01/28/2009 [ tribune.net.ph ]
More than 60,000 former Filipinos have already reacquired their Philippine citizenship under the so-called dual citizenship law that Congress passed a few years ago, the Bureau of Immigration (BI) said yesterday.
Immigration Commissioner Marcelino Libanan disclosed that as of Dec. 31, 2008, a total of 60,209 individuals have been granted dual citizenship under Republic Act 9225, or the Citizenship Retention and Reacquisition Act of 2003.
Libanan said 23,196 of the applicants were approved at the BI main office in Manila while 37,013 of them were processed at the various Philippine consulates abroad.
It was in 2003 that Congress passed the Act but the BI started implementing it in April 2004 after President Arroyo designated the bureau as the lead implementing agency for the law.
Under the Act, former natural born Filipinos who were naturalized as citizens of other countries are deemed not to have lost their Philippine citizenship.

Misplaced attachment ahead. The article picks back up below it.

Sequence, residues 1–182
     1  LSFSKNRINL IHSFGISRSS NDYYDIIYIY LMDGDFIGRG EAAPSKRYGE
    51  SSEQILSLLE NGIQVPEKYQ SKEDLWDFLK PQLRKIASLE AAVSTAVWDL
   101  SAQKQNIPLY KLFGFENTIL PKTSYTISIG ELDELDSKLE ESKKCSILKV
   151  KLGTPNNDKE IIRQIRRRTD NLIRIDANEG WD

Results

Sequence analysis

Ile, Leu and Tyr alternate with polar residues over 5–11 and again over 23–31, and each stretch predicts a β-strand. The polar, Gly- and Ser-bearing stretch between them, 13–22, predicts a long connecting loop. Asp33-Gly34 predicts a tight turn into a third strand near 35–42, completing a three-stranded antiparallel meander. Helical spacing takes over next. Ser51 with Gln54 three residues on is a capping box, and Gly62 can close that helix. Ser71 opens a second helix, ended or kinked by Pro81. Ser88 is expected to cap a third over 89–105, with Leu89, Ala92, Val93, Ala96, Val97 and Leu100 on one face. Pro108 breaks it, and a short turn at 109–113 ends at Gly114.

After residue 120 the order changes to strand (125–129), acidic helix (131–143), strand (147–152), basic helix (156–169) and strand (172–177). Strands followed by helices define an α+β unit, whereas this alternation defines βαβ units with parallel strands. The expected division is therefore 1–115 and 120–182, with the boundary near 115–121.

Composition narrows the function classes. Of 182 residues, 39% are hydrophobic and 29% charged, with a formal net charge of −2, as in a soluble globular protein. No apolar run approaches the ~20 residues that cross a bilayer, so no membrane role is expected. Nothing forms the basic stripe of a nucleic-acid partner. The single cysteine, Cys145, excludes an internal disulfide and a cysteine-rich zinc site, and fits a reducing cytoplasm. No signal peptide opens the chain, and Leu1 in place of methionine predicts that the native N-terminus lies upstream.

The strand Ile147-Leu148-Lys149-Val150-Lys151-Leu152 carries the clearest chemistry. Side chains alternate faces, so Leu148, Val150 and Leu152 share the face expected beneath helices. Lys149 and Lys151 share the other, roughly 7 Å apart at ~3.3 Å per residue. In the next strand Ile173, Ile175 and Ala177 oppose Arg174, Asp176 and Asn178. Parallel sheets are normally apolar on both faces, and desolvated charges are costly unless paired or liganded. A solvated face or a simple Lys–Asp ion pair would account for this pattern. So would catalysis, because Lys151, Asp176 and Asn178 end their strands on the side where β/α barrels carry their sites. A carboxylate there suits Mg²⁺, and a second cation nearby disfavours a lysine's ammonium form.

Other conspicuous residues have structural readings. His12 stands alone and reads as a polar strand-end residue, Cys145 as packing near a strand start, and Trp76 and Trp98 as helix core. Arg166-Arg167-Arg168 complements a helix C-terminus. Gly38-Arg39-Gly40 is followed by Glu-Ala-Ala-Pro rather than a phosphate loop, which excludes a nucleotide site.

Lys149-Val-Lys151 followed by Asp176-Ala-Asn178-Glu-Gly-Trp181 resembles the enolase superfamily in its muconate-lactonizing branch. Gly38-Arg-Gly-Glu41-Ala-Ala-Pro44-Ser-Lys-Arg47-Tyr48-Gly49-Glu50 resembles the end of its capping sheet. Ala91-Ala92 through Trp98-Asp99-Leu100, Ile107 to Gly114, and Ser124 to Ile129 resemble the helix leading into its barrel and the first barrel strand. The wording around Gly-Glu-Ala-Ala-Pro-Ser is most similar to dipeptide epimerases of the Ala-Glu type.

Libanan, a former Eastern Samar congressman and one of the principal authors of the Act, urged other former Filipinos who have settled abroad to avail themselves of the program so they may again enjoy their rights and privileges of Filipinos.
Among these rights, he said, are the rights to hold a Philippine passport, the rights to vote and own real properties here.
“And unlike before when they always had to extend or update their stay as tourists, they may now visit and stay in the Philippines anytime and for as long as they wish,” Libanan added.
Lawyer Arvin Santos, who heads the BI task force on dual citizenship, said Americans topped the list of the approved applicants, followed by Canadians.
Santos said Americans account for more than 40,000 of the applicants, adding that most of them had filed their applications with five Philippine consulates in the United States, particularly those in Washington D.C., San Francisco, Los Angeles, New York and Hawaii.
To apply for dual citizenship, an applicant pays only a fee of P3,000 and his papers are immediately processed and approved if all documentary requirements are submitted.
Libanan created last July an eight-man task force of BI legal officers to expedite the processing and approval of dual citizenship applications. Conrado Ching